In addition to the master's programs, HKS also administers four doctoral programs. PhD degrees are awarded in Political Economy and Government, Public Policy, and Social Policy, in conjunction with the Departments of Government and Sociology in the Faculty of Arts and Sciences, as well as in Health Policy, in conjunction with FAS and the Harvard School of Public Health.

Joint and concurrent degrees

The Harvard Kennedy School has a number of joint and concurrent degree programs, within Harvard and with other leading universities, which allow students to receive multiple degrees in a reduced period of time. Joint and current students spend at least one year in residence in Cambridge taking HKS courses. At Harvard, HKS joint degree programs are run with Harvard Business School and Harvard Law School, and concurrent programs are offered with Harvard Divinity School and Harvard Medical School.

Beyond Harvard, HKS has concurrent degree arrangements with other law, business, and medical schools. These include: MIT Sloan School of Management; Stanford Business School; Tuck School of Business at Dartmouth College; The Wharton School of the University of Pennsylvania; Columbia Law School; Duke University School of Law; Georgetown University Law Center; New York University School of Law; Northwestern University School of Law; Stanford Law School; University of California, Berkeley School of Law; University of Michigan Law School; University of Pennsylvania Law School; Yale Law School; and UCSF Medical Center.[10]

Abroad, HKS offers a dual degree with the Graduate Institute of International and Development Studies in Geneva.

HKS courses

HKS courses[11] are organized across six areas, called a Policy Area of Concentration, on which they focus their coursework, take a year-long research seminar in their second year, and prepare a master's thesis, called a Policy Analysis Exercise. The school divides the school and HKS course listing[11] into six areas, each headed by a faculty "area chair." The areas and chairs for HKS courses are:

In addition to offerings in the HKS course listing, students are eligible to cross-register for many courses at the other graduate and professional schools at Harvard. Students are also able to sample beyond the Harvard and HKS course listing at the MIT Sloan School of Management, at The Fletcher School of Law and Diplomacy at Tufts University, and at the MIT School of Architecture and Planning.

Taubman Building
Belfer Center


Harvard Kennedy School receives high rankings in the U.S. News & World Report listing of top graduate schools of public affairs. In the 2015 rankings, HKS is ranked third overall, and is ranked first in the subcategory of health policy, second in public policy analysis and social policy.[12] Kennedy's foreign affairs offerings are also ranked at or near the top of Foreign Policy magazine's Inside the Ivory Tower survey, which lists the world's top twenty international relations programs at the undergraduate, Master's and Ph.D. levels.[13] In 2012, for example, the survey ranked HKS first overall for doctoral and undergraduate programs and third overall in the Master's category.[14]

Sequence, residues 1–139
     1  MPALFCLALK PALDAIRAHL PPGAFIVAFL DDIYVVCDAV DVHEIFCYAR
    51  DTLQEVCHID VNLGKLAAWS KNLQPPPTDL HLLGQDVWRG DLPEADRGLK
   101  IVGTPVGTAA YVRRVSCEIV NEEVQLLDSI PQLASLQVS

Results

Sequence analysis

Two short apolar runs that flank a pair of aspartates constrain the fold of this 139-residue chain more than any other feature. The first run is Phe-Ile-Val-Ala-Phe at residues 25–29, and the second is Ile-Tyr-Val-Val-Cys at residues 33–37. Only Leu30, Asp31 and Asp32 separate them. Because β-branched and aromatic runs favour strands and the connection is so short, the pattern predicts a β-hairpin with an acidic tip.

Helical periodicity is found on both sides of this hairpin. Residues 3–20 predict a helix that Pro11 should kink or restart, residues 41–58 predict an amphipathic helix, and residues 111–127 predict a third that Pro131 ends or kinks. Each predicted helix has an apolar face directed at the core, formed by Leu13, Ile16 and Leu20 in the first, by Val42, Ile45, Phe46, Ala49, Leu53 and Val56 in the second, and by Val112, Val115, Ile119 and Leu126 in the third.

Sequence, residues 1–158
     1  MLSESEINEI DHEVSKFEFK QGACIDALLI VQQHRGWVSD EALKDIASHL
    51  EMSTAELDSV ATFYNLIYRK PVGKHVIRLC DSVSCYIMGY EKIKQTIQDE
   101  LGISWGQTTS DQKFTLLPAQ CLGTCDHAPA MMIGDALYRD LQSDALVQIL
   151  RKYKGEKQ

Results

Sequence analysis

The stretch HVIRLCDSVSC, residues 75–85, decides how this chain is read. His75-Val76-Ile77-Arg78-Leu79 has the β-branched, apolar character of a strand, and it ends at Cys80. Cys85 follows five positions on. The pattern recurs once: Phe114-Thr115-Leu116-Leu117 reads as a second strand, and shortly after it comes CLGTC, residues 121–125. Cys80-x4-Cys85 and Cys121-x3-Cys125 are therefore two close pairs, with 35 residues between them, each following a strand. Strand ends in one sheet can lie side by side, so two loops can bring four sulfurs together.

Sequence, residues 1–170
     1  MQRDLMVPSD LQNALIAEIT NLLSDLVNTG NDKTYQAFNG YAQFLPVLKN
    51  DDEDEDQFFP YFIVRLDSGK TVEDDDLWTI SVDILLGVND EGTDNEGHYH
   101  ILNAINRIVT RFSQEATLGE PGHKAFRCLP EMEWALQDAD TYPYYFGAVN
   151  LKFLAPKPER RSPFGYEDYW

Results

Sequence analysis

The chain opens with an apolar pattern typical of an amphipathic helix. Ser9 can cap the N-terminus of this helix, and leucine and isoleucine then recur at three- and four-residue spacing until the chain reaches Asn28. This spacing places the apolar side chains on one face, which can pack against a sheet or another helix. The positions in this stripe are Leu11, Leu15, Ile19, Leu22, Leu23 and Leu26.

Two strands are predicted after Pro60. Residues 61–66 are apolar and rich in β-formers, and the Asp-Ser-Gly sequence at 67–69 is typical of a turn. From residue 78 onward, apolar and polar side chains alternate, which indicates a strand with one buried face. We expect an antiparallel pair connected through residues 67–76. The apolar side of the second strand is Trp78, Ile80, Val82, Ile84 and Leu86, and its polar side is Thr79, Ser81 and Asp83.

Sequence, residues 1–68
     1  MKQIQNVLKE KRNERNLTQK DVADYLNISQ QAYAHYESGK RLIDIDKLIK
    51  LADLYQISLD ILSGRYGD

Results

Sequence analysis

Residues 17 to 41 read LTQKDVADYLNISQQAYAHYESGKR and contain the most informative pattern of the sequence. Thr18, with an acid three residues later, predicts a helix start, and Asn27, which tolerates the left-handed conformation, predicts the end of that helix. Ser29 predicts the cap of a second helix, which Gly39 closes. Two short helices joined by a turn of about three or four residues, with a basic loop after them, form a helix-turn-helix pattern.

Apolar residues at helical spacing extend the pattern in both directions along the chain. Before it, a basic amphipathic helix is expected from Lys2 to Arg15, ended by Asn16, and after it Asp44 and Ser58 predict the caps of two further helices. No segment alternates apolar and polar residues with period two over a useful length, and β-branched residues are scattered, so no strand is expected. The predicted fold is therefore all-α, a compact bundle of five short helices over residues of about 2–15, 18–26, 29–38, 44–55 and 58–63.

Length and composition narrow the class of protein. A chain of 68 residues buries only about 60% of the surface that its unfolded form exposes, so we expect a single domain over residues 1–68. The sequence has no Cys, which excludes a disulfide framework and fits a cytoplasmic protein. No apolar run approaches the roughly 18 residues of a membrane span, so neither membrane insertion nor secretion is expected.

Student life

Kennedy School women's team outside the Weld Boathouse preparing to row the Head of the Charles
Harvard Graduate Student Government (HGSG) is the university-wide representative student government for the twelve graduate and professional schools of Harvard University.

There is an active student life at HKS. Most of the activities are centered on interest-driven student 'caucuses,' the student government (Kennedy School Student Government, known as KSSG), student-edited policy journals, such as the Kennedy School Review, a student newspaper (The Citizen), and a number of athletic groups.

Elections for HKS student government are among the most lively of the activities at the School. The KSSG is led by a President, Executive Vice President, functional Vice Presidents (Academic Affairs, International Student Affairs, Professional Development, Diversity and Inclusion among others) and Class Representatives from all the graduate programs of HKS. The KSSG is also responsible for overseeing the interest caucuses at the School.

Kennedy School Student Government Presidents and Executive VPs List

Students can join the Harvard Graduate Student Government, colloquially known as "the HGSG" and formerly known as the "Harvard Graduate Council" or "HGC", is the university-wide representative student government for the twelve graduate and professional schools of Harvard University. The HGSG is responsible for advocating student concerns to central administrators – including the President of Harvard University, Provost, Deans of Students, and Deans for the nearly 15,000 graduate and professional students across the twelve schools, organizing large university-wide initiatives and events, administering and providing funding for university-wide student groups (USGs),[15][16] and representing the Harvard graduate student population to other universities and external organizations.[17] The HGSG has become well known for creating and executing on advocacy initiatives and events focused on the "One Harvard" movement.[18][19]